Not because they mistake me for a potential much more than friend.

But because they are so freaking young.

Some of them look like they've just left the playground and now are on very dangerous ground. If there are trolls on the Internet there are the truly dangerous in the real world.

Do any of the rest of you get these and what do you do in response to those requests?

Saturday, July 22, 2017

A New Everest

A little over a year ago I wrote a blog post about my attempt to push up a really long and very steep ramp. As I described then, the ramp is so long that they built a flat section about 2/3 the way up so you can rest before attempting the last part. The last part changes pitch a bit and is considerably steeper that the bottom part. When I wrote about it, I wrote about making it part the way up. I wrote that I knew one day I'd have the strength to make it all the way. That trying and nearly making it wasn't failing, it was trying and nearly making it.

It's just over a year later and I've tried the ramp a few times over the year, each time just about making it, each time needing help to finish. Last time I tried we were with Ruby and Sadie and I asked them to stand at about where they thought I'd have to stop. Sadie, as it turned out, had little faith in my strength and I passed her marking, Ruby set my attempt as ending just a little above the flat rest space and I passed it too but not by much. Both girls were thrilled that I got as far as I did. They too saw it as a successful attempt.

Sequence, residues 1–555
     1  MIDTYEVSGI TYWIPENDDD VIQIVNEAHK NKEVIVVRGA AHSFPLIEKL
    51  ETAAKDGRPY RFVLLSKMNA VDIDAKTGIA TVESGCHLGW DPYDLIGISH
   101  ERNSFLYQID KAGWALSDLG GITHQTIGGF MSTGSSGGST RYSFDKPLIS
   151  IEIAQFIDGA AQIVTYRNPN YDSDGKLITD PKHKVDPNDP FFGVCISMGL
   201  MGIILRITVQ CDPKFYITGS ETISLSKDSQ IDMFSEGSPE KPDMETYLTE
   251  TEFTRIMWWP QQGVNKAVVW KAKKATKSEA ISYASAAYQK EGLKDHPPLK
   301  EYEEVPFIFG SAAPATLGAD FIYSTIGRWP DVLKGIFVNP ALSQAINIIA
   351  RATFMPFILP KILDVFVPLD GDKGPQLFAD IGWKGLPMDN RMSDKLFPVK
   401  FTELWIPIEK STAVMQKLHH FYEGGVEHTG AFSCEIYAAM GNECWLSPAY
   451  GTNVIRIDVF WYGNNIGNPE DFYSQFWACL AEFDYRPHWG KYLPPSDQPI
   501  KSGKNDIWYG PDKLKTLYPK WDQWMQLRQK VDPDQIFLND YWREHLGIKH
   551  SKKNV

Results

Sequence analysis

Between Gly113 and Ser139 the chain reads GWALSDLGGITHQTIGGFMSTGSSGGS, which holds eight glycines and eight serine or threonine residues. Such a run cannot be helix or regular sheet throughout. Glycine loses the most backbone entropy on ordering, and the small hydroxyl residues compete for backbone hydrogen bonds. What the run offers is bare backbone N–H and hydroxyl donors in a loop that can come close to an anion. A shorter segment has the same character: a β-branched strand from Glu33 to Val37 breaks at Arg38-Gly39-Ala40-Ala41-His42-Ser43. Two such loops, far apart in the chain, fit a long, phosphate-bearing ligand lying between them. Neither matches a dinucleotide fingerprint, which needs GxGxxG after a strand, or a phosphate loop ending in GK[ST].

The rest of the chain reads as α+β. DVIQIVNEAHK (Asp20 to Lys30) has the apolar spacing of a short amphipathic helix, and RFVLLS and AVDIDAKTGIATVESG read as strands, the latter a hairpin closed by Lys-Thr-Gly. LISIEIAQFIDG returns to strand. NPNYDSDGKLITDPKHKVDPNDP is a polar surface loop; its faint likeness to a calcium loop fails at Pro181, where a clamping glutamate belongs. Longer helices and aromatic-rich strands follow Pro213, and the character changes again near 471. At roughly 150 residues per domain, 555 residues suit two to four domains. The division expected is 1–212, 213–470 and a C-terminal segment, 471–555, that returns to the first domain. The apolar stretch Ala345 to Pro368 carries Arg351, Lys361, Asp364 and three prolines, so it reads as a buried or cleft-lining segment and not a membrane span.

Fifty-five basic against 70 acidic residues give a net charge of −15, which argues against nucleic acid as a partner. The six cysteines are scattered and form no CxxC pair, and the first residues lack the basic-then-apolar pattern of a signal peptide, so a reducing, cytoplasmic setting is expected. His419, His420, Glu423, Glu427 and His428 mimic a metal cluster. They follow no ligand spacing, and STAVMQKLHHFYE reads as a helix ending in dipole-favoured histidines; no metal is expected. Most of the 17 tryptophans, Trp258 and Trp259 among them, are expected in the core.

Yesterday, after work, Joe and I were back. I started up while Joe parked the car and he was back about the time I hit the rest spot. I told him that I thought that today was the day and I asked him not to help even if I'm clearly struggling. I assured him I would ask.

So.

I began.

Making the rest spot was tough pushing, like it always is, but it's pushing knowing I can do it. As I began the last part, I didn't have that faith in myself. I didn't think I could do it. It's really steep, I'm really heavy, and I'm tired out from the first part. But I inched closer and closer to the top. People turned to look because of the sounds I was making as I part pushed, part pulled my way up. I passed my previous high point and almost decided to stop, but I didn't. I cleared the top. For the first time. It took a year for me to get the strength to do this but I have the strength.

I felt a bit nauseous from the strain and had to stop for a second, but it went away quickly and we continued on. This morning my shoulders are sore, but it's a weird kind of sore, it's like my body saying, RAH. That probably makes no sense at all.

RAH (ouch) for the prior attempts and RAH (ouch) for making the top.

I need a new Everest.

Friday, July 21, 2017

A Honking Big Piece of Pie

A research study was recently published that showed that one quarter of non-disabled people avoided conversational contact with people with disabilities if they could. One quarter! A quarter of a pie is a big, freaking piece of pie, it's half of half. Now when asked they said that they were 'afraid of offending' us. Really? You avoid us for our benefit. You think that targeting and then isolating people with disabilities is something you do to protect us from you? Really? You're that bad a person that you are removing you from any possible social contact with one of 'those' people. Gosh, how people can mask their bigotry behind the concept of kindness.